The proposed route would take the drivers across the United States, including through areas with very few paved roads, and then head north through Canada. Next came a left turn at Alaska, which the drivers had to cross in order to arrive at the Bering Strait, which separated the American wilderness from the Russian one. The raceâ€™s organizers started it in the middle of winter in the hope that the strait would be frozen. The course then led through Siberia, which no one had traveled by car, before heading into the final stretch: Moscow, St. Petersburg, Berlin and Parisâ€”overall, a 22,000-mile trek in an age when the horse was considered more reliable than the horseless carriage. The New York-to-Paris race was supposed to be (and is still largely considered) the greatest of them all, even surpassing the prior yearâ€™s Peking-to-Paris competition, in which the winner, Italian Prince Scipione Borghese, enlisted donkeys and mules to pull his car and sipped oily water from its radiator to relieve his thirst. His reward was a magnum of champagne.
Red Bull South Africa earlier this week unveiled theÂ latestÂ addition to its ongoing â€śRed Bull gives you wingsâ€ť campaign â€” a 30-spot featuring Jesus revealing the â€śsecretâ€ť behind his miraculous water-walking feat.
Wouldnâ€™t ya know it, the ad did not go over well with many viewers, who demanded it be pulled immediately.
Unfortunately for Red Bull, the energy drink doesnâ€™t actually give you wings, so in lieu of saying â€śsee you later, suckersâ€ť and flying away, the company relented and pulled the ad as requested.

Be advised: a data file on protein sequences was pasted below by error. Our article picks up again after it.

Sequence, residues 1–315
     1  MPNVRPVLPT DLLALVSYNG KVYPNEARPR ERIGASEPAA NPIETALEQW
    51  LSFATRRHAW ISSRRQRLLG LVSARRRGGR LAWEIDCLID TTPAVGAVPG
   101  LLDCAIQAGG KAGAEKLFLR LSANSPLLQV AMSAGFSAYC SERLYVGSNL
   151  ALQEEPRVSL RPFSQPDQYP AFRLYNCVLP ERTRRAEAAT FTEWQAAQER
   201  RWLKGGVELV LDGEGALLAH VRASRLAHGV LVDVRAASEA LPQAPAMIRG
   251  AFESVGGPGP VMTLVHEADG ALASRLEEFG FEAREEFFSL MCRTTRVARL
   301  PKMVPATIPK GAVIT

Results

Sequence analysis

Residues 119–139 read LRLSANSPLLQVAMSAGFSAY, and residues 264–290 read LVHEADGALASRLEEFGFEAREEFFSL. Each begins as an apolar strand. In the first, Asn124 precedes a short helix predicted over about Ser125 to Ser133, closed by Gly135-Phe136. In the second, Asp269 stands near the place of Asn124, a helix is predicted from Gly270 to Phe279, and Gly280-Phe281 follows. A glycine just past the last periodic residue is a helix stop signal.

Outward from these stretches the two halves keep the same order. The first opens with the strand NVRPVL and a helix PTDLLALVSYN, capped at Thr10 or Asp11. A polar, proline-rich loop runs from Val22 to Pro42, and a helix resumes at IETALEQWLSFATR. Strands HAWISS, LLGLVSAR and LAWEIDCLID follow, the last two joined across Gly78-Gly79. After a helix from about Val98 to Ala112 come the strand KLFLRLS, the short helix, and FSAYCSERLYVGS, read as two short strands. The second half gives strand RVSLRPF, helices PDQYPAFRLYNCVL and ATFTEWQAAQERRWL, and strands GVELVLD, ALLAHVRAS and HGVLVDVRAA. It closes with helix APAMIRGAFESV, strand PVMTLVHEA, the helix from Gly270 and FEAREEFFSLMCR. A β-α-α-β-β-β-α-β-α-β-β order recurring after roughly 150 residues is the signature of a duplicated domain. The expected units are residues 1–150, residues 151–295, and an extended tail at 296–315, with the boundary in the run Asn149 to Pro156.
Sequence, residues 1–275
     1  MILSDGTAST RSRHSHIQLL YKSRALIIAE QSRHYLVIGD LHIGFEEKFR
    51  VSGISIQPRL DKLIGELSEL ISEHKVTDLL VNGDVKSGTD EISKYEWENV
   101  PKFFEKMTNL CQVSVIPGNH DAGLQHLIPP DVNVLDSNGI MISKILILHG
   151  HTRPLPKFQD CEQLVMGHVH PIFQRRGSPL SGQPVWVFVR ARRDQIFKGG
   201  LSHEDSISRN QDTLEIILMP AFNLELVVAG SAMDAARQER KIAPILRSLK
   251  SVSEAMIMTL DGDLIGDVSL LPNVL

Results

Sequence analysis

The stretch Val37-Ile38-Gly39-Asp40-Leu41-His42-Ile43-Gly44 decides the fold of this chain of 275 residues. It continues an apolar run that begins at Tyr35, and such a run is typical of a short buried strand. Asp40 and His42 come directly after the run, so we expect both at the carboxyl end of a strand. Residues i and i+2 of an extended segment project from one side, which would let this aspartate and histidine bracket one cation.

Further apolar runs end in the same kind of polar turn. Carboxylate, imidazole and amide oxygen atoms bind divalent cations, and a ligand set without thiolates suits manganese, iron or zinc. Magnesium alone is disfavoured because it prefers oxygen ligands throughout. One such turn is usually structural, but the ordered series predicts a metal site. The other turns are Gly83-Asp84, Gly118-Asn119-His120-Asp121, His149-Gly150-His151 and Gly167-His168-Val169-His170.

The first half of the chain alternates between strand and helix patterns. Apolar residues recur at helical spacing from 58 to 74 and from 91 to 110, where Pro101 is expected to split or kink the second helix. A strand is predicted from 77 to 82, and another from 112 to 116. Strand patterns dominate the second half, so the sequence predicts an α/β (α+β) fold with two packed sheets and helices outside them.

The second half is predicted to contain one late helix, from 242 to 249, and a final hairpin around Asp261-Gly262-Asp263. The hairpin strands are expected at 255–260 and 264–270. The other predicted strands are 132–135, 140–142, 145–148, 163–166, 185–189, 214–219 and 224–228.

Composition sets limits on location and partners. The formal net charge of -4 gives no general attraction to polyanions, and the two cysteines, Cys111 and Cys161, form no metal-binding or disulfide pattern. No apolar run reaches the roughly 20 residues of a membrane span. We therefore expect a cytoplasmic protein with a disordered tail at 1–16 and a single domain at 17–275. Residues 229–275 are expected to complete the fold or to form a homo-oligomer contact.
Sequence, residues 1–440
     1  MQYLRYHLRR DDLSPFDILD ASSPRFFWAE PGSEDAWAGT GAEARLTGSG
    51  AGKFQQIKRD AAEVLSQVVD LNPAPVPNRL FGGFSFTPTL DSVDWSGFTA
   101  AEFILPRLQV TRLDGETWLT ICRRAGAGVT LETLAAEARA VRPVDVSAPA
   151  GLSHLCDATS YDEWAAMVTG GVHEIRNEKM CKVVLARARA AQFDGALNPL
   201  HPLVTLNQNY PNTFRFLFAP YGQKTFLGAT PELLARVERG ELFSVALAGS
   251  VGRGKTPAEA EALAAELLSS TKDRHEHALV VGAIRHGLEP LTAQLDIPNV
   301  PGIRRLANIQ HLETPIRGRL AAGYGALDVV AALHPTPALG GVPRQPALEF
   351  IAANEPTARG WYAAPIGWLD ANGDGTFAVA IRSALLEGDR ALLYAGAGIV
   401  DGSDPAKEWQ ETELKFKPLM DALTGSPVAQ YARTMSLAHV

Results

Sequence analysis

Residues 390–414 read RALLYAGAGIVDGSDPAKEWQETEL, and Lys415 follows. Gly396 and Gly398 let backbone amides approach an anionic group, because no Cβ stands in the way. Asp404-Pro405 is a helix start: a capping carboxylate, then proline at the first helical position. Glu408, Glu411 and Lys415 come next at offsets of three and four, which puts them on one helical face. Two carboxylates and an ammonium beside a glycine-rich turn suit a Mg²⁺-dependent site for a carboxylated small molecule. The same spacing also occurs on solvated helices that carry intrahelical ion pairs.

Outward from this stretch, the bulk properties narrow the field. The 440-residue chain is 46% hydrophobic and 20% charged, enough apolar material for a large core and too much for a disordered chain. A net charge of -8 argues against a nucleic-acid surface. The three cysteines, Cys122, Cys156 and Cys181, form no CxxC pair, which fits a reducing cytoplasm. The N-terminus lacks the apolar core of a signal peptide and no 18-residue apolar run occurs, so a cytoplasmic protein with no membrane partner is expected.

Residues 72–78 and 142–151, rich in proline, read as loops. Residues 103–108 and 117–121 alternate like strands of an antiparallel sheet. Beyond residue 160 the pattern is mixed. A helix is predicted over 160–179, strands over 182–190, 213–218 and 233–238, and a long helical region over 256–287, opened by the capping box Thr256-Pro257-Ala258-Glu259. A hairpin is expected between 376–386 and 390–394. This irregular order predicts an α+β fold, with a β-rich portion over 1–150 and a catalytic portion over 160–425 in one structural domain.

On Kony 2012: The Visible Victims Speak: Considering that Kony 2012 â€” the most viral video in Internet history â€” exploits the suffering of northern Ugandans to raise money, Victor Ochen, a victim of the Lordâ€™sÂ ResistanceÂ Army and a founder of the nonprofitÂ African Youth Initiative Network (AYINET), thought it only right that they should get to see it too.
Ochen traveled to the city of Lira, where he and his NGO set up a makeshift outdoor theater so locals could watch Invisible Childrenâ€™s much-discussed fundraising campaign, and decide for themselves if it helps or hurts.
According to a statement released by AYINET, over 35,000 people attended the screening, many of whom rode in on bikes from neighboring villages. Additionally, some two million northern Uganda residents tuned in to a live broadcast of the audio aired simultaneously on five FM radio stations.
Al Jazeera reporter Malcolm Webb, who was on hand to gauge peopleâ€™s reactions, filed the following account:
People I spoke to anticipated seeing a video that showed the world the terrible atrocities that they had suffered during the conflict, and the ongoing struggles they still face trying to rebuild their lives after two lost decades.
The audience was at first puzzled to see the narrative lead by an American man â€“ Jason Russell â€“ and his young son.
Towards the end of the film, the mood turned more to anger at what many people saw as a foreign, inaccurate account that belittled and commercialised their suffering, as the film promotes Kony bracelets and other fundraising merchandise, with the aim of making Kony infamous.
A woman Webb spoke with afterwards compared ICâ€™s approach of selling products with Konyâ€™s image to â€śselling Osama Bin Laden paraphernalia post 9/11,â€ť which she felt would be offensive to many Americans, irrespective of how â€śwell-intentionedâ€ť the fundraising campaign was.
Last nightâ€™s screening was AYINETâ€™s first and last. It announced this morning that it hadÂ suspended further screenings of Kony 2012 in light of the outrage it caused. Â Wrote Ochen: â€śIt was very hurtful for victims and their families to see posters, bracelets and t-shirts, all looking like a slick marketing campaign, promoting the person most responsible for their shattered lives.â€ť
â€śWhy give such criminals celebrity status?â€ť asked people inÂ attendance, according to AYINET. â€śWhy not make the plight of the victims and the war-ravaged communities, people whose sufferings are real and visible, theÂ focus of a campaign to help?â€ť
Originally posted 2012-03-14 13:57:06. Republished by Blog Post Promoter